[God] Called Out

Levicitus 1:1−5:26

When Is Vayikra Read?

/ 9 Adar II 5782
/ 3 Nisan 5783
/ 13 Adar II 5784


God instructs Moses on the five different kinds of sacrifices that were to be offered in the sanctuary:

  1. The olah or "burnt offering" was a voluntary sacrifice that had a high degree of sanctity and was regarded as the "standard" offering. The entire animal, except for its hide, was burned on the altar. (1:1-17)
  2. The minchah or "meal offering" was a sacrifice made of flour, oil, salt, and frankincense that was partly burned on the altar and partly given to the priests to eat. (2:1-16)
  3. The zevach sh'lamim or "sacrifice of well-being" was a voluntary animal offering from one's herd, sometimes brought to fulfill a vow. (3:1-17)
  4. The chatat or "sin offering" was an obligatory sacrifice that was offered to expiate unintentional sins. This offering differs from the others in the special treatment of the blood of the animal. (4:1-5:13)
  5. The asham or "penalty offering" was an obligatory sacrifice of a ram that was required chiefly of one who had misappropriated property. (5:1-26)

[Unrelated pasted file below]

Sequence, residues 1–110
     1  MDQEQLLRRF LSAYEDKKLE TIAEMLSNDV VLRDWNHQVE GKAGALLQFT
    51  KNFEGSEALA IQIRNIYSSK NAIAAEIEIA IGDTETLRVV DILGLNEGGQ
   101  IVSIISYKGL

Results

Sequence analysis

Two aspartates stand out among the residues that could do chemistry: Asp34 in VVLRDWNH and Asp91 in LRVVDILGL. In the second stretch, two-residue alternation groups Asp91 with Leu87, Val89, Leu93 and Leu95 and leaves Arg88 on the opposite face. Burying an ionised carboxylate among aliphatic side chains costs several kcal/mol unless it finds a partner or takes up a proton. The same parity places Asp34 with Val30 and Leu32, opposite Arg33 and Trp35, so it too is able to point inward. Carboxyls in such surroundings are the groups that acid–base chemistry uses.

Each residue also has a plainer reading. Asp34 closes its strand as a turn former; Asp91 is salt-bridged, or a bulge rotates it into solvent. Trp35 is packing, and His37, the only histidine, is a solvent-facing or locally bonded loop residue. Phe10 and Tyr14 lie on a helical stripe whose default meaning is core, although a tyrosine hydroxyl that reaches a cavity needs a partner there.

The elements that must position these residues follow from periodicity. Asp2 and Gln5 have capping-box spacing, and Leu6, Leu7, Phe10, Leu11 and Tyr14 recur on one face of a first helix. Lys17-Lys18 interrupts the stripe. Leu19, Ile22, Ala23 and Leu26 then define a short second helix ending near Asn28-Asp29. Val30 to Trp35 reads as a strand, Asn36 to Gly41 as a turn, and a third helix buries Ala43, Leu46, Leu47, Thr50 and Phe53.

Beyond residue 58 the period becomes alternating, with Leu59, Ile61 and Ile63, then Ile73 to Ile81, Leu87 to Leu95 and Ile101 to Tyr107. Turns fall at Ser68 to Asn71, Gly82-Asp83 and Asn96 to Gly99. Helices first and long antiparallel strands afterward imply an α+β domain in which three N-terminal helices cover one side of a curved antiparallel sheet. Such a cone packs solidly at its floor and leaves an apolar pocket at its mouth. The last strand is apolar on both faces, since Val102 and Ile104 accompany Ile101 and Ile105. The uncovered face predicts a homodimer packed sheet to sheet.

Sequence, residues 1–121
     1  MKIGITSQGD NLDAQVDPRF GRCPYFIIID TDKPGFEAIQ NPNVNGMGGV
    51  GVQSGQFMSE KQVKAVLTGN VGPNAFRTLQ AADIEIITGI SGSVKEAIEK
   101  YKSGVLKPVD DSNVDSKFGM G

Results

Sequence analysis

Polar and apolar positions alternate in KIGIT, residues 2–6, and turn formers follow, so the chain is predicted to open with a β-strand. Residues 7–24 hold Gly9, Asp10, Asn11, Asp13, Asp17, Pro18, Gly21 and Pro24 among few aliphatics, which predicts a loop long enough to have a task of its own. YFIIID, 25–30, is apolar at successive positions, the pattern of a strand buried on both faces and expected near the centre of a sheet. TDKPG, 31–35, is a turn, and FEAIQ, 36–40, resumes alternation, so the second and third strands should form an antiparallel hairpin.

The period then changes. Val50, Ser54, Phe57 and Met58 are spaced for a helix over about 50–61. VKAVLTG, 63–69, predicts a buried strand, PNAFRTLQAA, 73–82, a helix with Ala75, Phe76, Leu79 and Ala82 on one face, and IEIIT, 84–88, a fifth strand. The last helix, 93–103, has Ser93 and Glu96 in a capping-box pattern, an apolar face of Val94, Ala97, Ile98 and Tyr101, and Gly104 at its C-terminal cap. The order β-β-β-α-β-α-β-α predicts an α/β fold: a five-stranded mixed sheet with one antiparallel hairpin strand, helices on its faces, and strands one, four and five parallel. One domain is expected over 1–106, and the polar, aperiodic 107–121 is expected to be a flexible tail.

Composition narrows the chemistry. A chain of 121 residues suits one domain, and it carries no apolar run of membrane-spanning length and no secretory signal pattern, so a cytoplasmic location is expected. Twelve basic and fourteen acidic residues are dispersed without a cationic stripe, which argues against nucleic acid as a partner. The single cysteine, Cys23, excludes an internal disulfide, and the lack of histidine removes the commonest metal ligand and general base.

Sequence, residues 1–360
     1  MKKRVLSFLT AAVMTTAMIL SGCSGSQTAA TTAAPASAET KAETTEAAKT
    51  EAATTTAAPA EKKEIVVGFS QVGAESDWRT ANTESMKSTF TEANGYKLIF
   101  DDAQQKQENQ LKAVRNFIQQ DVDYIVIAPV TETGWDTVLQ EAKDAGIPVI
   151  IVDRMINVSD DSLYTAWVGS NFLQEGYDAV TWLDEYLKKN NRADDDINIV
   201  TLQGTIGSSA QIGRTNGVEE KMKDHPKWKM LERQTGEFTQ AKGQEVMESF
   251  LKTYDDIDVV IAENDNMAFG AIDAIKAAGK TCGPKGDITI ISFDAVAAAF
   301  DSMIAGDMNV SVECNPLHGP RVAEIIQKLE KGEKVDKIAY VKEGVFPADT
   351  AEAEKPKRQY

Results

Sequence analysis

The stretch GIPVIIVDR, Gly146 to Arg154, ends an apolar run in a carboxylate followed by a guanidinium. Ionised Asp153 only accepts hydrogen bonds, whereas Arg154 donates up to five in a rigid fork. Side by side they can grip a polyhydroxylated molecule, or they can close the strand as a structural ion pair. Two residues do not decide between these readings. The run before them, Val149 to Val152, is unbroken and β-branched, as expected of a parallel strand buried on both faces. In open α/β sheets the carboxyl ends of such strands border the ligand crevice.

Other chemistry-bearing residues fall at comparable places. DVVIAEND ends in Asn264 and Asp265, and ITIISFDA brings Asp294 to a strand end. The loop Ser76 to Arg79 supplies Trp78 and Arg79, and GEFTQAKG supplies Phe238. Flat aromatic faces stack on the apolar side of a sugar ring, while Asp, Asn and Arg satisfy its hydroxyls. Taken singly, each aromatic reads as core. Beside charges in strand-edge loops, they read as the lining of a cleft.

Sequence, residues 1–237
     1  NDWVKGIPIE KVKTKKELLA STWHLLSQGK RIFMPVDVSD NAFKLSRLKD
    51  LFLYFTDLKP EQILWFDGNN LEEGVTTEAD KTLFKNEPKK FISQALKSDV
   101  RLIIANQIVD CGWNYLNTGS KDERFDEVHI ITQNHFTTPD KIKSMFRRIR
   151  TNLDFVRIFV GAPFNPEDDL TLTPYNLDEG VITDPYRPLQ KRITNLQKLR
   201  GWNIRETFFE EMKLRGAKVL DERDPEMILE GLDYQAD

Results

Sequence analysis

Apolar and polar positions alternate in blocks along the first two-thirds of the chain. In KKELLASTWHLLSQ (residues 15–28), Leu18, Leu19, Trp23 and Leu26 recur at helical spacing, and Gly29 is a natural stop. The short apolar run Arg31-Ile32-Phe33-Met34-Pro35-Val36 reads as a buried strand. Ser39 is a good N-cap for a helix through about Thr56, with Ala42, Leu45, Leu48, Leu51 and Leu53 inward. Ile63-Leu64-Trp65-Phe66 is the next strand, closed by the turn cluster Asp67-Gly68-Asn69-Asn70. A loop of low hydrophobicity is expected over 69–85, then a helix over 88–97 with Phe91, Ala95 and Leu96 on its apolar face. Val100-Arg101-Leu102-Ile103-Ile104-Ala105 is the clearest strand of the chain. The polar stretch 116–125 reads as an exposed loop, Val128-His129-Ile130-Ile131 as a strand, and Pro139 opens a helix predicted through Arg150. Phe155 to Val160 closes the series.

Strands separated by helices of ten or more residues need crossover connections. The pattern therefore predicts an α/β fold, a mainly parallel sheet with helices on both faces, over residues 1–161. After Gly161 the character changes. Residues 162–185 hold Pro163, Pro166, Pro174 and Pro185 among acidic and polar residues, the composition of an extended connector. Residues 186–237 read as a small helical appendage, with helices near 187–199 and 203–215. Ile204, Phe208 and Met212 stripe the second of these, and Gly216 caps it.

Ten Minutes of Torah: Vayikra Commentary


The Power of Sacrifice, Then and Now

By: Rabbi Dvora E. Weisberg

The Book of Leviticus assumes that offerings of animals and grain, sometimes accompanied by libations of wine or oil, are appropriate expressions of gratitude toward God and mechanisms through which one atones for sin.

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Learn More About Parashat Vayikra With BimBam

Parashat Vayikra: Why were Ancient Sacrifices Important?

Welcome to Leviticus - in Hebrew, the book of Vayikra. Plunge into the wild world of Biblical sacrifice with the spiritual insight of Rachel Kohl Finegold, whose clear and inspiring explanation of animal sacrifice brings all the gory details to life! Welcome to Parashat Vayikra. Enjoy this video and others with BimBam.

Listen to Podcasts About Vayikra

Listen to Rabbi Rick Jacobs discuss Parashat Vayikra in these episodes of his podcast, On the Other Hand: Ten Minutes of Torah.

The Laws of Leviticus, Choice, and A.J. Jacobs, the Gratitude Expert

When Torah Meets Theater

Rabbi Rick Jacobs